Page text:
The group says that sales were up 2 per cent between mid-November and the end of February, which includes the key post-Christmas selling period. With trading "poor" in the run-up to the festive season, that implies growth of nearer 4 to 5 per cent in the new year period. The news was welcomed by the stock market yesterday, which marked MFI's shares 6p higher to 158p.
But that may be premature jubilation. Depressed sales have been only part of the group's problem. Margins have been under pressure for some time from rising raw material prices. Hopes in December that reductions evident then would ease the situation now look overdone.
MFI indicated yesterday that although gross margins have recovered some of the ground lost in the first half, they will still be down on the year. It appears that lower costs are taking longer to feed through the buying chain than expected and the benefits will not be felt until next year. Margins could end the year a full point lower than last year, making 1995/96 the third year in a row in which returns on sales have fallen.
Admittedly, there was better news from elsewhere yesterday. The initial roll-out of the new MFI Homeworks format, which extends beyond the traditional ranges to include beds, pots and pans and the like, has clearly been a success. Sales outperformed the rest of the chain by 12 per cent, triggering the next phase of the conversion programme which should see another 35 to 40 of the existing 185 chains changed to Homeworks.
France, meanwhile, has shrugged aside the strikes to record a 50 per cent increase in orders since Christmas. But the business is small and, given the record and the cloudy outlook in the UK, MFI shares remain overvalued on a forward rating of 20.
Henlys speeds ahead of rivals
Henlys shareholders who supported management in fending off a pounds 30m bid from the rival motor dealer Cowie more than three years ago have been amply rewarded for their loyalty. Since then, the shares have outperformed the rest of the stock market by over 450 per cent and put Cowie's own performance in the shade.
Yesterday, the shares added 16p to 589p as the motor distributor and bus builder unveiled another cracking set of results. Pre-tax profits climbed 57 per cent to a new record of pounds 25.3m in the 12 months to December.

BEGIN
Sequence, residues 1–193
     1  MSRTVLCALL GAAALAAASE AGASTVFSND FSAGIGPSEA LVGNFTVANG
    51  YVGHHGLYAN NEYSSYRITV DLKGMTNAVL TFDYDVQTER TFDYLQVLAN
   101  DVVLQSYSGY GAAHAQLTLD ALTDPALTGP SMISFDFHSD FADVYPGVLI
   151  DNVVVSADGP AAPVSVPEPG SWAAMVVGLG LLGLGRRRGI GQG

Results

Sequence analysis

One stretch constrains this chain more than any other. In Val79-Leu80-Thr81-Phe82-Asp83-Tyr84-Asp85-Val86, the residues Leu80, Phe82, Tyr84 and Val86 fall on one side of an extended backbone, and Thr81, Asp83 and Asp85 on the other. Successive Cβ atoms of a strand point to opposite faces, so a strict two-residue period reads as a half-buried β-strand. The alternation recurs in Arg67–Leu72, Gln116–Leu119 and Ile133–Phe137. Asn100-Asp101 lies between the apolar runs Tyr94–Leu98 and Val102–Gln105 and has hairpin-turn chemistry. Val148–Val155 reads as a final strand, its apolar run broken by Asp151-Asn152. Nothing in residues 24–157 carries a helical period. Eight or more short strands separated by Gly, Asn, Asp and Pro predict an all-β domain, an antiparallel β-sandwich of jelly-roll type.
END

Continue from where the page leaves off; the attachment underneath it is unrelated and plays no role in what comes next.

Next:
The figures were boosted by some sure-footed acquisitions. The pounds 31m half- share in Prevost Car, a Canadian bus maker bought by Henlys with Volvo, chipped in pounds 4.5m to operating profits in just seven months.
Northern Counties, acquired at the same time, added pounds 1.3m for an outlay of pounds 12m.
But, more importantly, the latest results have borne out management's determination to build its position in the bus and coach market, despite what has turned out to be one of the worst recessions ever to hit the industry.
Stripping out acquisitions, underlying profits from buses and coaches roared ahead 69 per cent to pounds 14.4m.
After seven lean years, Henlys has cashed in on last year's recovery, which saw coach sales leap 45 per cent and bus demand rise 23 per cent. But management deserves much of the credit: foreseeing the eventual end of the drought in orders caused by deregulation and recession, they have been patiently building market share.
From a standing start in 1991, Henlys has grabbed a market-leading position in buses in just three years. The impeccably-timed Northern acquisition, which took the group into double-deckers in a year when registrations doubled, added 10 points to its market share, taking it to 39 per cent.
Henlys now leads the combined UK bus and coach market and with bus fleets typically 13 to 15 years old, the outlook is bright, reflected in a pounds 70m year-end order book.
The outlook for motors is less certain, but Henlys' distribution side did well to maintain underlying profits in another difficult year for the market and a cost-cutting programme should underpin future margins.
Profits of pounds 33m this year would put the shares on a forward multiple of 15. Still reasonable value.